Nicaragua’s controversial canal


Almost 450 years after Spain’s King Philip II first contemplated creating a waterway joining the Atlantic and Pacific Oceans in Nicaragua, the idea is now set to become a reality.

On 7 May 2014, the government insisted, once again: “The construction of the canal will start in December.”

And it will be open for business by 2019, ensures Chinese entrepreneur Wang Jing, head of the Hong Kong Nicaragua Development Group (HKND) in charge of the venture.

In between lies a construction project of pharaonic proportions, the “Inter-Oceanic Grand Canal of Nicaragua,” as it is called in Managua, the country’s capital.

And it involves more than the canal itself. Aside from the waterway, the government and HKND Group, registered in the Cayman Islands and headquartered in Hong Kong, also plan to build “two deepwater ports at the entrance and exit of the canal, two airports and several industrial zones, as well as an oil pipeline and a railway that will run alongside the canal,” as detailed in the legislation passed on the matter.

As for the dimensions, they are huge: the canal will be almost 300 kilometres long, 520 metres wide and 27 metres deep.

Big enough to accommodate 400,000-tonne supertankers transporting oil or up to 12,000 containers, something the Panama Canal would be unable to offer, even if the – currently stalled – plans to widen it were to go ahead.

The cost of the megaproject and subprojects is equally impressive: “It should cost US$40 billion,” – four times Nicaragua’s annual GDP – estimates Wang Jing.

The economic impact is expected to be immediate: “According to some government advisers, the canal has the potential to increase Nicaragua’s annual growth from 4.5 per cent to as much as 15 per cent in 2016, and then back down to 8 per cent per year,” said Jorge Huete-Pérez, director of the Molecular Biology Centre at the University of Central America in Managua, in an interview with National Geographic in February of this year.


Environmental risks

Huete-Pérez warns that the environmental impact and feasibility studies are not being carried out by the government itself but are being left up to the Chinese company and its subcontractors.

In a paper published in Nature, jointly written with Austrian scientist Axel Meyer, he calls for two things: “First, independent assessments of the repercussions of this mega-project; and second, that the Nicaraguan government halt the project should the assessments confirm fears that this canal will yield more losses than gains for the region’s natural resources, indigenous communities and biodiversity.”

As it stands, the concession agreement allows HKND to choose the route it deems best for the future canal and to legally expropriate the property of any persons or communities living along the route selected, as well as granting it the rights to any natural resources found there.

“The government has virtually handed over the whole national territory for HKND to choose from. And the indigenous communities that had been granted land rights by the constitution are going to see them taken away from them,” protests lawyer Mónica López Baltonado, who is conducting a variety of lawsuits on the matter.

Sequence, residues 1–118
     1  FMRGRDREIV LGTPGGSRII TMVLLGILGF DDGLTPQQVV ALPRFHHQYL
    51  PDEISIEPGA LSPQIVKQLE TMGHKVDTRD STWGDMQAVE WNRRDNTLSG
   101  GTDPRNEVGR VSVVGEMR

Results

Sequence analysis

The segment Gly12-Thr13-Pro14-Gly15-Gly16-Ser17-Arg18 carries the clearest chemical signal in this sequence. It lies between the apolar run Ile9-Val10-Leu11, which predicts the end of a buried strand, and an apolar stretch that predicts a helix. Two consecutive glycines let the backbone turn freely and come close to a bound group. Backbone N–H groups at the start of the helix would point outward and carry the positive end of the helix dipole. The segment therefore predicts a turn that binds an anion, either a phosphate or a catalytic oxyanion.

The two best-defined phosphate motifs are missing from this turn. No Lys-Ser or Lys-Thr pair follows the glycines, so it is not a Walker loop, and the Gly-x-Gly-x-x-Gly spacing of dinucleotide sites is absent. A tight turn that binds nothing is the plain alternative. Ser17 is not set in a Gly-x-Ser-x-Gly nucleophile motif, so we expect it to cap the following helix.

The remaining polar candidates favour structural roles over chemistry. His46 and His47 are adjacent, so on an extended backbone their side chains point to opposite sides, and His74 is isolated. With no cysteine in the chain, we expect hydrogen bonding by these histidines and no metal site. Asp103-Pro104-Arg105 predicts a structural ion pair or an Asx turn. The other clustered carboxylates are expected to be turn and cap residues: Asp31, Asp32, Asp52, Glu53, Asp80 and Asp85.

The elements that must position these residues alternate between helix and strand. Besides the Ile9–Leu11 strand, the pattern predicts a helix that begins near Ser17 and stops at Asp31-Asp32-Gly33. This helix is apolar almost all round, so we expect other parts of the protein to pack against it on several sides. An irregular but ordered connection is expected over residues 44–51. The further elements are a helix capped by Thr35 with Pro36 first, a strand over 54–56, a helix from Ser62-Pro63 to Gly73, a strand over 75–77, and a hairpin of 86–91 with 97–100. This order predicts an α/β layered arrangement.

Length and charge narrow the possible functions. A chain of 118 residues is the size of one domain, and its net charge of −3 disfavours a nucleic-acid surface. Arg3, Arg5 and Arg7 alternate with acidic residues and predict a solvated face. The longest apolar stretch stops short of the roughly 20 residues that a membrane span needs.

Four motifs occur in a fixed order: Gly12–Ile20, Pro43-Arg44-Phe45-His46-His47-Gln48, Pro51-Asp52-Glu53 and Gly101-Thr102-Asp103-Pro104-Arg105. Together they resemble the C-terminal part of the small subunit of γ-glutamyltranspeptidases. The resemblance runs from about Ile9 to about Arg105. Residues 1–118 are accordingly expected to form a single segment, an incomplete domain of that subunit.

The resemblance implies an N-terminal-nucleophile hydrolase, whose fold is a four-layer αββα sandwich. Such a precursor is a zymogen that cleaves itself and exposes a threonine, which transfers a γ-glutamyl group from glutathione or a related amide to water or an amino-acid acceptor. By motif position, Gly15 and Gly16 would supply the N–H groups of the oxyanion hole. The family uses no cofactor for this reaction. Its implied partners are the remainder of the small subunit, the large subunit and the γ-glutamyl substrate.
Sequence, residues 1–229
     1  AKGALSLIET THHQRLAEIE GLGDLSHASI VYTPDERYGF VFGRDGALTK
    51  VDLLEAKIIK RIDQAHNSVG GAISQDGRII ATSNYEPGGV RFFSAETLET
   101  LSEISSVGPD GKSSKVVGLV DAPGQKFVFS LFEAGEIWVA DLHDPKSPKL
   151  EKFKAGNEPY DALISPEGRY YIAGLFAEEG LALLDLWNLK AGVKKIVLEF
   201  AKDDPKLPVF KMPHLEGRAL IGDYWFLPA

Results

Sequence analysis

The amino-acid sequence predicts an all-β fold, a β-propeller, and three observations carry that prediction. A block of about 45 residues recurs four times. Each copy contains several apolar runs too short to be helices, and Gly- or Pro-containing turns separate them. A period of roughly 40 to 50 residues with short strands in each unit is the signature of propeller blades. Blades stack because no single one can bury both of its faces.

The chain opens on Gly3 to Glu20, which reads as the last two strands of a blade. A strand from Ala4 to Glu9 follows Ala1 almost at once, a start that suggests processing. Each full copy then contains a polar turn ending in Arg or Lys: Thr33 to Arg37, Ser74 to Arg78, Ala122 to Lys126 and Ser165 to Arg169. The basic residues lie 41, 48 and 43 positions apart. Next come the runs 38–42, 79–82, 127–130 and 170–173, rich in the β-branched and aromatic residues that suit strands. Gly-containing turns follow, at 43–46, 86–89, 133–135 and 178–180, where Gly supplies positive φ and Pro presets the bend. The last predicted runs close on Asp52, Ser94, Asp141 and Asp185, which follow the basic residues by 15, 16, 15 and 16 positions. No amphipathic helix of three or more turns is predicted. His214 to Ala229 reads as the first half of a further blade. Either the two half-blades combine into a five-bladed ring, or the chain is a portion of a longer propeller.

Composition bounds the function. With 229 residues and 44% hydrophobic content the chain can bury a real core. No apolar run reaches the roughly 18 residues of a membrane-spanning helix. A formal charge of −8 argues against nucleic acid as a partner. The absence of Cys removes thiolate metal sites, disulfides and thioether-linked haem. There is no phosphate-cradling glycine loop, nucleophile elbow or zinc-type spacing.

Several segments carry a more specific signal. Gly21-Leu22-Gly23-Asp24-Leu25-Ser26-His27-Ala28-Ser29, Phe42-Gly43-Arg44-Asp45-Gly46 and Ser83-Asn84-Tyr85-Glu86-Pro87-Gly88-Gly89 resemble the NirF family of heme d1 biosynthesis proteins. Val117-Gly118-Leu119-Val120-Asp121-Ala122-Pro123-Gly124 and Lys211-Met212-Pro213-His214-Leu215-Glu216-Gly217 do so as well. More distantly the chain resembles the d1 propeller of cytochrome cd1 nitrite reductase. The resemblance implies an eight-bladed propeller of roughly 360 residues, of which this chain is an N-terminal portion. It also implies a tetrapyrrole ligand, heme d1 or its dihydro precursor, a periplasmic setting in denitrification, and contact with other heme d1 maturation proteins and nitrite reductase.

Three communities also took the case to the Supreme Court of Nicaragua, but their complaint was rejected in December 2013. They are now referring it to the Inter-American Commission on Human Rights.

Another potential victim of the future canal, according to several scientists, is Lake Nicaragua, the largest source of drinking water in Central America.

Each one of the six routes being studied passes through it. And yet its average depth is around fifteen metres. Where the future canal passes – around 90 km across the lake – it will have to be doubled.

“This canal is not a good thing for us,” Luis, who organises boat trips on Lake Nicaragua from Granada, told Equal Times. “The water level on the lake is likely to go down, and yet it’s only four metres deep here. If the water level drops, our boats won’t be able to cross it anymore.”

A potential fall in the lake’s water level is not the only environmental concern. “It would take over 20 years to recover from the smallest oil spill. And yet we could sell this drinking water,” suggests Salvador Montenegro Guillén, director of the Aquatic Resources Investigation Centre.

The infiltration of saltwater through the locks system is also likely to disrupt this unique biotope, which is home, for example, to the world’s only listed freshwater sharks. In addition, invasive species or bacteria could be introduced into the lake by the freighters.

But that is not all. Huete-Pérez and Meyer point to a range of other dangers: “400,000 hectares of rainforests and wetlands will be destroyed; the risk of drought and flooding will increase; the millions of tonnes of sludge dredged out will damage the places where it is dumped; endangered sea turtles will lose important nesting habitats; animal populations will be deprived of their wide migration route on the east coast of the country and find themselves confined to smaller territories...”

The initial conclusions of the studies commissioned by HKND will no doubt have more to say about these dangers and the way the company and the government intends to deal with them. On 8 May, however, Paul Oquist, Minister for National Policies, confided that the first conclusions will not arrive until around June 2014.

Yet another delay in the reports has been expected since April. That has not, however, prevented Russia from officially expressing its interest in taking part in the project.

This interest comes in addition to that of the United Kingdom and the United States, which had already expressed theirs, and is an interest that is all the more pressing given that, according to the government’s timeframe, the digging is due to start in just over six months.